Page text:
How do you adjust point of aim when shooting uphill or downhill? Will O’Meara says there are numerous factors to consider when shooting at an angle.

Shooting at angle can cause your bullet to strike higher than on level ground. How much it affects your projectile depends on the angle and the distance. In this article we will explore the effects that angle is likely to have on your shot. We will cover a few scenarios to demonstrate the difference, we will look at how to measure the angle and how to calculate the effect it has.

It should also be helpful to look at how angle or steep terrain can force us into different shooting positions and how we can build a solid shooting position for high angle shots. In hunting scenarios, our shot placement will also need to be considered and compensated for.

While the primary purpose of the article is to provide practical solutions, it is worthwhile looking at the theory behind shooting at an angle. The two principles in play here are the law of gravity and the theory of trigonometry.

Let’s first look at gravity. What we need to know about gravity is that it pulls straight down. It doesn’t care if you are on a mountain. Imagine you are shooting from the top of a cliff to a target on the ground; gravity only cares about how far the target is from the base of the cliff.

When trying to wrap my head around this, I think about it in practical terms. Say I am perched on top of a cliff that is 500 metres high. If I shoot straight down, it’s the same as dropping a stone over the edge – I don’t need to make any elevation adjustment, it’s just like the target is at the muzzle of my rifle. Now imagine that there is a cliff opposite me, level with me – aiming here is like shooting on flat ground (let’s ignore the effect of thermals for the moment).

The target on the distant cliff is also 500 metres away, but now I need to apply 3 mRad (30cm clicks) worth of elevation to my scope in order to strike the target.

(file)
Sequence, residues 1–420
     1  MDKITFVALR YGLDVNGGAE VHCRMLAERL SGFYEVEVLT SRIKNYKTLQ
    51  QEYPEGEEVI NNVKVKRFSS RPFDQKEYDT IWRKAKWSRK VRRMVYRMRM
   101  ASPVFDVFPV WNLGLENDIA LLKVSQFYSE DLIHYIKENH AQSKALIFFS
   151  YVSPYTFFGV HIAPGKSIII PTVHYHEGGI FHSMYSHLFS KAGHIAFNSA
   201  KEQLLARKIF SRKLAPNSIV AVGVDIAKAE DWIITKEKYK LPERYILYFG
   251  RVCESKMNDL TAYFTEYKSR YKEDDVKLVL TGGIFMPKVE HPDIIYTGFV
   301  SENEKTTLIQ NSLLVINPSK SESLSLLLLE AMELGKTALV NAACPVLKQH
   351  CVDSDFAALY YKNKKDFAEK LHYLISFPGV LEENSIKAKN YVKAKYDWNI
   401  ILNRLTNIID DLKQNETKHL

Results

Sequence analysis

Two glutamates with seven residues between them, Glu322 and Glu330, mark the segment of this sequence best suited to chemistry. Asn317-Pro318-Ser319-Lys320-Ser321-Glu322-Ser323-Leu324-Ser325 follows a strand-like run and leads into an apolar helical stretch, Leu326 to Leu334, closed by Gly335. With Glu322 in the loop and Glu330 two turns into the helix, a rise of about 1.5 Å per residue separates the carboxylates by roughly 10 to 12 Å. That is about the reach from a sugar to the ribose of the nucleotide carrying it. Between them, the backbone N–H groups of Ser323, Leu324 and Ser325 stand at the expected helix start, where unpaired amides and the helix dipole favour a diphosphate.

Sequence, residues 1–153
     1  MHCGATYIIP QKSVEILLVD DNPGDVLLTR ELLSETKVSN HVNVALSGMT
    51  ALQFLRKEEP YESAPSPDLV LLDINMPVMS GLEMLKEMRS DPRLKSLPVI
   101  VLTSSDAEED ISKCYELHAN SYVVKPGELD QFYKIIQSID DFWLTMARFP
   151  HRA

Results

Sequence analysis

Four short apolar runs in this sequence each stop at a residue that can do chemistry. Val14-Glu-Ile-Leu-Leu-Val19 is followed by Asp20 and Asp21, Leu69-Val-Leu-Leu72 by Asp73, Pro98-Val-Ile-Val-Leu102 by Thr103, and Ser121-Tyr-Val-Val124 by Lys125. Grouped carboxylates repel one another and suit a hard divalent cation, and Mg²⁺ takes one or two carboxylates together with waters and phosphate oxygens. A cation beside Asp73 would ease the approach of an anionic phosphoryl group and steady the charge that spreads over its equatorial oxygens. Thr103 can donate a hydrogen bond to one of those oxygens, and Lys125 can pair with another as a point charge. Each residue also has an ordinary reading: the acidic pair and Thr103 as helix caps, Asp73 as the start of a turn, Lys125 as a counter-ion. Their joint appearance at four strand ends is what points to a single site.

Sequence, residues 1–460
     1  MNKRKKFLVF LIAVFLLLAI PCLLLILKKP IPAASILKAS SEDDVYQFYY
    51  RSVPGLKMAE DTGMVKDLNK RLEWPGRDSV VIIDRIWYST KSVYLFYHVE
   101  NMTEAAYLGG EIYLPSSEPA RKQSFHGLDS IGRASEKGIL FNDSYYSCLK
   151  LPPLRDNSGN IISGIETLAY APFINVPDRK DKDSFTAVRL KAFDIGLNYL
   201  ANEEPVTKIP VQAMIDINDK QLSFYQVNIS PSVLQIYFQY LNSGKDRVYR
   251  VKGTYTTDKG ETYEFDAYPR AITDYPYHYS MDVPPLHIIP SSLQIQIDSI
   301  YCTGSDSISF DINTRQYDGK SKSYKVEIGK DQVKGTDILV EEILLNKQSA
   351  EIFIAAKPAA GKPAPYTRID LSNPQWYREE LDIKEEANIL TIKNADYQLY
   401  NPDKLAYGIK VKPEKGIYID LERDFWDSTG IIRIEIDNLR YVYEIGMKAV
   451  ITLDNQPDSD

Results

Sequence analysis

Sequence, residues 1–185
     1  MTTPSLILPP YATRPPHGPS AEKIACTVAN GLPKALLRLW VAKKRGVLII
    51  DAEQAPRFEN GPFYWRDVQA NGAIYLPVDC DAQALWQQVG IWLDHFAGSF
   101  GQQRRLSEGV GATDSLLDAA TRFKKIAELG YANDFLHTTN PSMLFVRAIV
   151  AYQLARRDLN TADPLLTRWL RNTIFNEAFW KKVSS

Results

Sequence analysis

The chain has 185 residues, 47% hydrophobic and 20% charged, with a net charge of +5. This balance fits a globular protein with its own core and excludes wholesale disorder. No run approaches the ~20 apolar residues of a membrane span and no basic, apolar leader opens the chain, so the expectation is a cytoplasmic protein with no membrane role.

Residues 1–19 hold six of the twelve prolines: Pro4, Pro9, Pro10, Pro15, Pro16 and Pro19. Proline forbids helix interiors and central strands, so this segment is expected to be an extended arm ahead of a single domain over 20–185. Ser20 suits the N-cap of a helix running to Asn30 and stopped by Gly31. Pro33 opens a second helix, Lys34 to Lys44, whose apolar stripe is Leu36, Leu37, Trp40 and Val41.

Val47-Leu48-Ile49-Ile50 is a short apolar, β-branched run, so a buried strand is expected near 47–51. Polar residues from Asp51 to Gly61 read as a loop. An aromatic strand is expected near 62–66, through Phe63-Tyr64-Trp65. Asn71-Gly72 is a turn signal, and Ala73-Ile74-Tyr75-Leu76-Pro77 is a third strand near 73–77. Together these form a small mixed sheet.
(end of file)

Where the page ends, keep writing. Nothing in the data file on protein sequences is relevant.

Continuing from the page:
In this example, both targets are at a range of 500m. The first one is at 90 degrees and experiences 0 metres of gravity; the second target is at 0 degrees and experiences 500 metres’ worth of gravity.

Therefore we can imagine that between 0 degrees and 90 degrees, our projectile will suffer varying degrees of gravity depending on the angle. Again, gravity only cares about the distance from the base of the cliff to the target.

Let’s apply our cliff analogy to trigonometry. In a right-angled triangle, the cliff face will be the ‘opposite side’, the line of sight from you to the target will be the ‘hypotenuse’, and the line from the base of the cliff to the target is called the adjacent side. (Does this take you back?)

So, applying our base model of a right-angled triangle, any rangefinder will give us the straight line distance from us to the target (hypotenuse), but what we need to know is the length of the adjacent side, as this is the axis on which gravity operates.

The basic rule of thumb is that the adjacent side is always shorter than the hypotenuse – this is why you would always miss high if you didn’t allow for the angle. It is also the reason that the rule applies the same whether you are shooting uphill or downhill – it’s the same line and experiences the same gravity.

So we can measure the straight-line distance. The only other thing we can measure is the angle. If we have the angle and the hypotenuse (straight-line distance) then we can calculate the adjacent side (shoot-to distance).

There are numerous ways to calculate the angle. The most basic is using an outstretched arm, but this is a bit makeshift so let’s look at tools to give you a more accurate reading. I’ve used a piece of card with angles marked every 10 degrees. Attached to this card is a button on a string – this is rudimentary but it works.

It will give you your angle; you then just need the list of cosines for each angle. You then multiply your straight-line range by the cosine of the angle and the answer is your shoot-to distance, using the table opposite as a reference.

As you can imagine, this could be a pretty tedious calculation in hunting scenarios: “Just wait a moment whilst I check my homemade angle finder, consult my cosine table, find my calculator and make a quick calculation of the shoot-to range…” How can you shorten the process?